Proverbs 24:1–2 Be not envious of evil men, nor desire to be with them, for their hearts devise violence, and their lips talk of trouble.
If there were no bad guys, we’d have no heroes. Every enduring story has a villain, and in the end, they lose. Sometimes it happens at the last possible moment and against incredible odds, but it happens. It has to. That’s the rule. It’s also predictable.
The entertainment complex caught on to this and has begun selling exceptions to the rule. Several books and films in recent decades have been produced where the evil side wins. If I were making a movie, I might be tempted do the same thing. Different surprises. Different sells. Different wins elections.
Here’s the problem. We also run the risk of changing the definition of a hero. Its possible to find ourselves in a place where truly evil men are envied. When bad guys win they’re able to keep doing the stuff that makes them bad in the first place. Sometimes that stuff leads to huge payoffs. And those payoffs are what foolish people envy.
The first is independence. Evil men are free. They are not accountable. People who are controlled dream of the day when they can do whatever they want, whenever they want, for as long as they want, with whomever they want.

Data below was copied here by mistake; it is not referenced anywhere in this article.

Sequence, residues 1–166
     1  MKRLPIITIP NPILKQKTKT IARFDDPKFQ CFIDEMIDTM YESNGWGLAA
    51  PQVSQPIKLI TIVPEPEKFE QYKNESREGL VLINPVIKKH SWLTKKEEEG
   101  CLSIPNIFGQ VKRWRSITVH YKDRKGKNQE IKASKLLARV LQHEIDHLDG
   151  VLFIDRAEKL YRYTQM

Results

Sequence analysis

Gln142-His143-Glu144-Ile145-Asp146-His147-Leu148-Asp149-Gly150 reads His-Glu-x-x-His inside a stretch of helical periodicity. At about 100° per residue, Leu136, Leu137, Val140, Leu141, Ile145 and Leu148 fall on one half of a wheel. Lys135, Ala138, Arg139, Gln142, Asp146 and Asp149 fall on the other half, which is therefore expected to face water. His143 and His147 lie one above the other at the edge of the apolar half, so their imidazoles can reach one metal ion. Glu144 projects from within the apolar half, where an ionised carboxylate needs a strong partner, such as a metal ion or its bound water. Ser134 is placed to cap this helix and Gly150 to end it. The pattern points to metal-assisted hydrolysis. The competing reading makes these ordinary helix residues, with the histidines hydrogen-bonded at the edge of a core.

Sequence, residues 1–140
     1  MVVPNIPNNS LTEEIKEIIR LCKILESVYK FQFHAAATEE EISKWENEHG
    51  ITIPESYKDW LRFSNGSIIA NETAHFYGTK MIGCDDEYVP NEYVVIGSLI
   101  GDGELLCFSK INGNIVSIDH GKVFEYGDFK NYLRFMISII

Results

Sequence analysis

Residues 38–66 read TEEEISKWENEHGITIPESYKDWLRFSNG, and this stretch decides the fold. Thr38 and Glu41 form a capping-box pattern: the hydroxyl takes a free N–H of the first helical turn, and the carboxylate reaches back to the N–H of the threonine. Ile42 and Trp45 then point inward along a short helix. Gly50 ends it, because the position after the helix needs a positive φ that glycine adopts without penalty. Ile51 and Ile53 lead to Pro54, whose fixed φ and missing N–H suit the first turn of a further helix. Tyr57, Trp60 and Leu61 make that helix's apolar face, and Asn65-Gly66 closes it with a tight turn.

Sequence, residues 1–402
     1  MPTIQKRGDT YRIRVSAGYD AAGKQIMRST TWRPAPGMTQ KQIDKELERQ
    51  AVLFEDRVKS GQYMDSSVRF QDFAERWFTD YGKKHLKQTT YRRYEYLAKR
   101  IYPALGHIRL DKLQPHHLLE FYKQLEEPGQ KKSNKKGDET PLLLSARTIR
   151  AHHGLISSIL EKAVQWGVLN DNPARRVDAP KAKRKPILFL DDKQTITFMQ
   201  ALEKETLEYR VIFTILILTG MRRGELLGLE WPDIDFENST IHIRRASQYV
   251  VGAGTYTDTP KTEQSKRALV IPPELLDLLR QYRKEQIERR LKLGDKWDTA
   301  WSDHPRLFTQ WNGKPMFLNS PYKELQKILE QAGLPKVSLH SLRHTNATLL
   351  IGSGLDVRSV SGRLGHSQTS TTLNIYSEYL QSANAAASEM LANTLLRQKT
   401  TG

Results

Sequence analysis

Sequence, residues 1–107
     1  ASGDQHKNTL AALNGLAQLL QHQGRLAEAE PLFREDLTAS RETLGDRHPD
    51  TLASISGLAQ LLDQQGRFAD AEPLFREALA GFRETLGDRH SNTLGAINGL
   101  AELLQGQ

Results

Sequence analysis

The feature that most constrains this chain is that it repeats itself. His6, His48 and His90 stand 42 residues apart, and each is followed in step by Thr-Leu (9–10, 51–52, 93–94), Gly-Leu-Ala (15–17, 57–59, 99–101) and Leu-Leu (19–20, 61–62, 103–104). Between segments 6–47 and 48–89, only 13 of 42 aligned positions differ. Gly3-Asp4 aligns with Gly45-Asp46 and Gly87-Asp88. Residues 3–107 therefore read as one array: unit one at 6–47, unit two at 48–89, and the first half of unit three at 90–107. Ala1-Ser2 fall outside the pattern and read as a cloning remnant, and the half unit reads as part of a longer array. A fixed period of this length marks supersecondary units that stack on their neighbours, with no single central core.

“It has been said that politics is the second oldest profession. I have learned that it bears a striking resemblance to the first.” – Ronald Reagan
The second is wealth. An opulent lifestyle can be obtained by promoting the leading edge of transgression. Evil men can create a decadent lifestyle for themselves. They can use wealth to purchase any noble ambition that would actually need to be earned by someone else.
“A fool and his money are soon elected” – Will Rogers
The third is impunity. When someone appears to be able to transgress with impunity, it elicits a deep temptation to participate. In the end this is a terrible trap because you align yourself with individuals who systematically cultivate the immoral.
“You must have a cigarette. A cigarette is the perfect type of a perfect pleasure. It is exquisite, and it leaves one unsatisfied. What more can one want?” – Oscar Wilde, The Picture of Dorian Gray
You can only envy an evil person when you deliberately reject the call to love your neighbor.
You can only envy an evil person when you lease out your conscience to pragmatism.
You can only envy an evil person when you are so foolish that they’ve blinded you to their true nature.